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Trident Removal From Scotland May Take a Decade: U.K. Defense Chief

British Defense Secretary Philip Hammond on Tuesday testified to lawmakers that it would take 10 years or more to remove the country's ballistic missile submarine fleet from their home base in Scotland, should the U.K. territory decide to expel it following a potential referendum for independence next year, the London Guardian reported.

The locally governing Scottish National Party has pledged itself to the goal of seeing a free Scotland rid of all U.K. Vanguard-class SSBNs and their nuclear-armed Trident missiles. A British parliamentary committee in a 2012 report found that nuclear weapons in Scotland "could be disarmed within days and removed within months."

"If removing the nuclear deterrent was the No. 1 priority (of an independent Scottish government) we are talking of the order of a decade," Hammond said. It was not immediately clear if the defense leader was referring to the exit of nuclear warheads, missiles that carry them or the submarines that launch them; the parliamentary report said the vessels themselves could take two decades or more to relocate.

London's ruling Conservative Party, which includes Hammond, is staunchly opposed to Scottish independence and the removal of nuclear arms from the territory.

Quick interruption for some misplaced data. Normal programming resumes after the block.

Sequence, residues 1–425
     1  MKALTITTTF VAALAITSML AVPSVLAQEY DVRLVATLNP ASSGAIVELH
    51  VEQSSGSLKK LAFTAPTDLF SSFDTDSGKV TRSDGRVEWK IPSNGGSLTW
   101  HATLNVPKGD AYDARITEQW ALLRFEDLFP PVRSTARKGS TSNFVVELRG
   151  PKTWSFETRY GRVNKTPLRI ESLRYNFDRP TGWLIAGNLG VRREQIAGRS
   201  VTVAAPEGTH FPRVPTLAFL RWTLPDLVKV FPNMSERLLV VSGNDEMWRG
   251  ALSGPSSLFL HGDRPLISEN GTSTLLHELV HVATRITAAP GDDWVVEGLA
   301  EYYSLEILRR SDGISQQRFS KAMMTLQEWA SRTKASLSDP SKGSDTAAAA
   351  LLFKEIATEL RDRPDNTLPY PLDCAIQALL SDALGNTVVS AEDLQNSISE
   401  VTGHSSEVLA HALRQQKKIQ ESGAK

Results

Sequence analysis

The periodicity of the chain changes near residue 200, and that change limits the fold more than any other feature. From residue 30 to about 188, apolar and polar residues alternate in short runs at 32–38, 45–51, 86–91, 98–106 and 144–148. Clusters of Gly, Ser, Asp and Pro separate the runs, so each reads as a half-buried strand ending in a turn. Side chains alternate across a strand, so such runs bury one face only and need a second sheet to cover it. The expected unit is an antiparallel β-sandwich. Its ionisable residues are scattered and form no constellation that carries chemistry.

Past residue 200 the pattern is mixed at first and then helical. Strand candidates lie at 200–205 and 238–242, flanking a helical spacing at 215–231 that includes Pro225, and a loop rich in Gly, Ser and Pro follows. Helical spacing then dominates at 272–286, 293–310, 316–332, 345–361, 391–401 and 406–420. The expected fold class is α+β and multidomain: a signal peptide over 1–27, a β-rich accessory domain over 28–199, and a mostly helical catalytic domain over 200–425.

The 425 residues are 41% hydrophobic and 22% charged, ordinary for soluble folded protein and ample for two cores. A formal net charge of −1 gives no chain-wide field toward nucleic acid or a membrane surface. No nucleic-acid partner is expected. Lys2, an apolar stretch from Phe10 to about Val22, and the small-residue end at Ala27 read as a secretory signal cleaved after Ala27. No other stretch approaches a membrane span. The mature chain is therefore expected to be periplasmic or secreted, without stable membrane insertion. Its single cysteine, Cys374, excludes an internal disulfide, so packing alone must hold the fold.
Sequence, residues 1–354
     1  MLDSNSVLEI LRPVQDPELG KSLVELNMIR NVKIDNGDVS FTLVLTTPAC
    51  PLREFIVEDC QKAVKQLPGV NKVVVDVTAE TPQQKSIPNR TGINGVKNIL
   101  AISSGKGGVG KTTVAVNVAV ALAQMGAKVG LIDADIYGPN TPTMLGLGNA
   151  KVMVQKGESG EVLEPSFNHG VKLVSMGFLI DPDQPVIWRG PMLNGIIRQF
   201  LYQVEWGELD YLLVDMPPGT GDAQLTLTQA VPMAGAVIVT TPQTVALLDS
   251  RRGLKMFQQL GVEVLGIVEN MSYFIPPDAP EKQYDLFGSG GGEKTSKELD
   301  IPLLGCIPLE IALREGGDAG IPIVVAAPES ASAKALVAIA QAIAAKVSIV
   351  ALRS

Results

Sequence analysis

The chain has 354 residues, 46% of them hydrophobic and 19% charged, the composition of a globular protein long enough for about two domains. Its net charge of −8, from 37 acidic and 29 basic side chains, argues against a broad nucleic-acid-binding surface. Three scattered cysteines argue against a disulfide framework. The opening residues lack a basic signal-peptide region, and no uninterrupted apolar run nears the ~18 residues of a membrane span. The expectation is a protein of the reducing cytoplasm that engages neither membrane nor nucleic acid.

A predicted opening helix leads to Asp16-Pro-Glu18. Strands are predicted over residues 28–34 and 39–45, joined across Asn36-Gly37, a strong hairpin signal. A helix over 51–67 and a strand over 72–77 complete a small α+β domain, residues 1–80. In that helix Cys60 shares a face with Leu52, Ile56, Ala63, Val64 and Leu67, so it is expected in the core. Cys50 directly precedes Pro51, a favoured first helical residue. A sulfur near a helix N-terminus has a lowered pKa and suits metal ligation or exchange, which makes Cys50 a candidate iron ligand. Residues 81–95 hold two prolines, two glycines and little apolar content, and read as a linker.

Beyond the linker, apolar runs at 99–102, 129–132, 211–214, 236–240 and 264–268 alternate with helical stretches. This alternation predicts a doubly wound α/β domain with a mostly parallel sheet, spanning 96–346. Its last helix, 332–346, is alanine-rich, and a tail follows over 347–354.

The expense of retiring and disassembling the fleet of four SSBNs would be astronomical and would be a problem that the entire nation would have to bear, Hammond said.

The Defense Ministry has not developed "specific contingency plans" for the future basing of the nuclear force should Scottish voters approve independence in 2014 as London does not expect the referendum to pass, the defense chief said.

Meanwhile, the Liberal Democrats -- the junior party in the coalition government -- might adopt a platform urging the United Kingdom starting around 2016 to no longer have at least one nuclear-armed submarine deployed at all times, the Press Association reported.

The call is expected to be contained in the party's recently completed assessment of options for renewing the United Kingdom's nuclear arsenal. Adoption of the report's recommendations is expected to be voted on at the Liberal Democrats' yearly membership meeting in September.

Continuous-at-sea deterrence has been the country's nuclear posture for decades. Opponents of the policy argue it no longer makes sense in a post-Cold War world. Defense specialists say it takes a minimum of four ballistic missile submarines to ensure around-the-clock, sea-based deterrence. Were the policy to be thrown out, it could open the door to the United Kingdom moving to a smaller fleet of SSBNs.

A commentary published on Monday in the Guardian argues it would be "a grave mistake" to relinquish continuous at-sea deterrence, a move that could prove destabilizing by jettisoning Britain's assured retaliatory capability and creating incentives for a nuclear first strike.

"A submarine tied up alongside HM Naval Base Clyde ... is not a deterrent – it's a 'target,'" wrote David Blagden, a research fellow in international politics at Darwin College at the University of Cambridge. "A potential aggressor contemplating an attack on Britain would face powerful incentives to destroy it before it left port."

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